In late August of this year we published an interview by our Russian colleague Comrade Aleks with members of the Ukrainian doom/death metal band Mental Torment. The focus of the interview was the band’s forthcoming second album, ego:genesis, which will be released on September 29th by Metallurg Music. As described in the interview, the album unfolds as a story, with each song as a chapter. And as the press materials further explain, it represents “the attempt to explore that depth of despair and horror that inexorably approaches us every day closer and closer – no one can escape death. But at the same time, it is also a search for answers that can help to accept the inevitability of the outcome of earthly existence”.
In creating this musical narrative the band employed elements of classical doom and death metal, but didn’t confine themselves to those. As related in the interview: “The main approach is that almost all our songs do not have typical verse-chorus-verse-chorus structure. Each song has its own beginning and its own end. This time, we tried to mix classic Doom Metal with nearest genres as well as unrelated modern ones.” The songwriting approach used what was necessary to tell the tale: “Because it’s really similar to real life. Nothing is linear. The whole human path is a set of uphills and downhills.”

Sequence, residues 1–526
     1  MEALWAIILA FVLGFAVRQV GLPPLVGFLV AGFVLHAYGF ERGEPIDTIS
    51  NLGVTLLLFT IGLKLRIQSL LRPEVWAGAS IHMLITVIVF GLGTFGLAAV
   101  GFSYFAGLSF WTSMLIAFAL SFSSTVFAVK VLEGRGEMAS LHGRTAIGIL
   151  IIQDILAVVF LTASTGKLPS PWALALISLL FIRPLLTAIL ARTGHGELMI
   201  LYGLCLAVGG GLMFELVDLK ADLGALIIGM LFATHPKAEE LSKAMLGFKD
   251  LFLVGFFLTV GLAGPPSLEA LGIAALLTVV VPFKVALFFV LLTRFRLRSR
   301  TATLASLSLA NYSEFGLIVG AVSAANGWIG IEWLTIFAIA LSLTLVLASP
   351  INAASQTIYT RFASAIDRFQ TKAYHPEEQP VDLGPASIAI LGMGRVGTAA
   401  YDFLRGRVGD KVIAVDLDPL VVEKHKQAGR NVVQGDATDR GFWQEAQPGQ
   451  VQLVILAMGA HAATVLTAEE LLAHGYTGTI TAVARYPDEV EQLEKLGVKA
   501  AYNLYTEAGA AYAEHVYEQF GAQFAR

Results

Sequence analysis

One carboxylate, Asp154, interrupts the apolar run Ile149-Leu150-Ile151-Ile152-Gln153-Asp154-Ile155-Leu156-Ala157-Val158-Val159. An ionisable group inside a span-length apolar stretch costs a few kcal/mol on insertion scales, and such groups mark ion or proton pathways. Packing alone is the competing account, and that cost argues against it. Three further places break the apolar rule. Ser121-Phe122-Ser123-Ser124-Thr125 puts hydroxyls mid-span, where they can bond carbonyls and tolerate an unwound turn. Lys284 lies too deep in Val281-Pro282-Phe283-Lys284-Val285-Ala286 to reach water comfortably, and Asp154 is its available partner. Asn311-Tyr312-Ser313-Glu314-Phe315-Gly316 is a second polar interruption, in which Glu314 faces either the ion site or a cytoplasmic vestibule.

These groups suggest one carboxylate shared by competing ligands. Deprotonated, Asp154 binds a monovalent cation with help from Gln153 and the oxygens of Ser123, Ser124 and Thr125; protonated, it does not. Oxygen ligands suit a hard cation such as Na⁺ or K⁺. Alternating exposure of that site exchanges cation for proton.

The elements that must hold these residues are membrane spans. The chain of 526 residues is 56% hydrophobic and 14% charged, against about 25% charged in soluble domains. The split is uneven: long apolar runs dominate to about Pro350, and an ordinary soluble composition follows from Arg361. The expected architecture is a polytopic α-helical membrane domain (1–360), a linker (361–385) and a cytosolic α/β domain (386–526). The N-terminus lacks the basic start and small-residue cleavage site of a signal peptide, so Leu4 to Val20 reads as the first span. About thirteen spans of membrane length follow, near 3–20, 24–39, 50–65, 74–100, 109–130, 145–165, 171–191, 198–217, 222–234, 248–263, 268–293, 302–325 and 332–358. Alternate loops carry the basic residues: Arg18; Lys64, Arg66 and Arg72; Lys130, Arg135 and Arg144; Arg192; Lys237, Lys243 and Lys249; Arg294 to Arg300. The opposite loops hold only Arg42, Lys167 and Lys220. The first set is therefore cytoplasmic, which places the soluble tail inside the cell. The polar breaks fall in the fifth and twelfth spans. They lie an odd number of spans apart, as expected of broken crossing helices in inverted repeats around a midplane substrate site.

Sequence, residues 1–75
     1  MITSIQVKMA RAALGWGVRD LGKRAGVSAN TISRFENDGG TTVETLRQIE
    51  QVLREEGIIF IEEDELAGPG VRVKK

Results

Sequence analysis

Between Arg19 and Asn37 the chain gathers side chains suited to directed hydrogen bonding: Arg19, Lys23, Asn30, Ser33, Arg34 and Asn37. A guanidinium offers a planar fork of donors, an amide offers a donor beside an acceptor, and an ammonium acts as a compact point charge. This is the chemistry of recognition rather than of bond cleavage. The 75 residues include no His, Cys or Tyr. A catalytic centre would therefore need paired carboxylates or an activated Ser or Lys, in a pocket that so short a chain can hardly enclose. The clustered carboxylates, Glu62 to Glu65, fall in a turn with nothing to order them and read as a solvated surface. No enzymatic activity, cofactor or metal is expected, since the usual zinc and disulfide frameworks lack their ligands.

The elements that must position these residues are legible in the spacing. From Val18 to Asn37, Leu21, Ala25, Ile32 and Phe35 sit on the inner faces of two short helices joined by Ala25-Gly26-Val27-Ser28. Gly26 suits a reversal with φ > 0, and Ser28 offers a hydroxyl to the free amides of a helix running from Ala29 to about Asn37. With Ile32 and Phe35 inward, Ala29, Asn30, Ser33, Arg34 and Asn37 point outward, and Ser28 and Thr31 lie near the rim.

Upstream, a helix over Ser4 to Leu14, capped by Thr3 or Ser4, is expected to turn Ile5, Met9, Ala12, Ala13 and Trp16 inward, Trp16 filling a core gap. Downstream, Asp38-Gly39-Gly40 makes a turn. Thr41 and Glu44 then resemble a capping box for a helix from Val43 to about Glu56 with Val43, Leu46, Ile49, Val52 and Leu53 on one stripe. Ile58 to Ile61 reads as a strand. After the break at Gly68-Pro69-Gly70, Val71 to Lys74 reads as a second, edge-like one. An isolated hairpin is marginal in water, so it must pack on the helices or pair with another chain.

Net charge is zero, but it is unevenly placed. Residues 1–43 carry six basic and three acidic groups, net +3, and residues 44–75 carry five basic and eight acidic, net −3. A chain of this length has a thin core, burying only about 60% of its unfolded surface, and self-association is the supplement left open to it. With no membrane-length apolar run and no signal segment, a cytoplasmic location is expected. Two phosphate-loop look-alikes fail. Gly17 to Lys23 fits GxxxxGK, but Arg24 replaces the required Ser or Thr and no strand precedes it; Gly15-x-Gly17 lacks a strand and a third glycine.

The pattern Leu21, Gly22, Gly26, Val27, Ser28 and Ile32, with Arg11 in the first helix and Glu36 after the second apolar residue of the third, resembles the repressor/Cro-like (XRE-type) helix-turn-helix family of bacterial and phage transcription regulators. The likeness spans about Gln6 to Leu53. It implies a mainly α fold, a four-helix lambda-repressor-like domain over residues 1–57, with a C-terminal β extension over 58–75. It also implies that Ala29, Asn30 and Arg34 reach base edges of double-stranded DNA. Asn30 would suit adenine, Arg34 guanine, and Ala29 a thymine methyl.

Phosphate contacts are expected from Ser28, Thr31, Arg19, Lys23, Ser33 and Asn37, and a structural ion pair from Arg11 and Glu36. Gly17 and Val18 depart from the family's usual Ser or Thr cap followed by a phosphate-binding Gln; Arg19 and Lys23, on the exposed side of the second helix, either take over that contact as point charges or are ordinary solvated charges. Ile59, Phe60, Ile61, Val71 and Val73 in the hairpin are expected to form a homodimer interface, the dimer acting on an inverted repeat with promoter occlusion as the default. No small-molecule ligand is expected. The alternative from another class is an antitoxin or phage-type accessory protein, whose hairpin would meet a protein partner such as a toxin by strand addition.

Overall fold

These insights ring true when you hear the crushing but beautiful song we’re premiering today, a track named “Conclusion” — though it’s not the one that ends the album. Although no two songs on the album are exactly in the same musical vein, this one should especially appeal to lovers of funeral doom.
The shimmer of synths and the dreamy meandering of a piano create an entrancing introduction to the song — which suddenly becomes massively heavier through granite riffs and gargantuan growls. The drums slug with jaw-breaking impact and the serrated chords jolt and pound. High above the earth-quaking rhythms an amalgam of sweeping, fevered sounds radiate feelings of inner turmoil and pain. The growled vocals are indeed cold and cavernous, yet they too contribute to the emotional turbulence of the song.
At times, the titanic plundering of the music abates, allowing gloomy guitars and glimmering keys to portray sorrow in more mesmerizing but no less heart-breaking fashion, paving the way toward an extended solo that moans and wails, but also enthralls. The music builds in power again, pounding and screaming, with another solo lifting the song to a crescendo of stricken intensity.
The cited interview provides more insights into the album and the band’s history. The album will be released on CD, with an 8-page booklet that includes illustrations connected to the record’s story.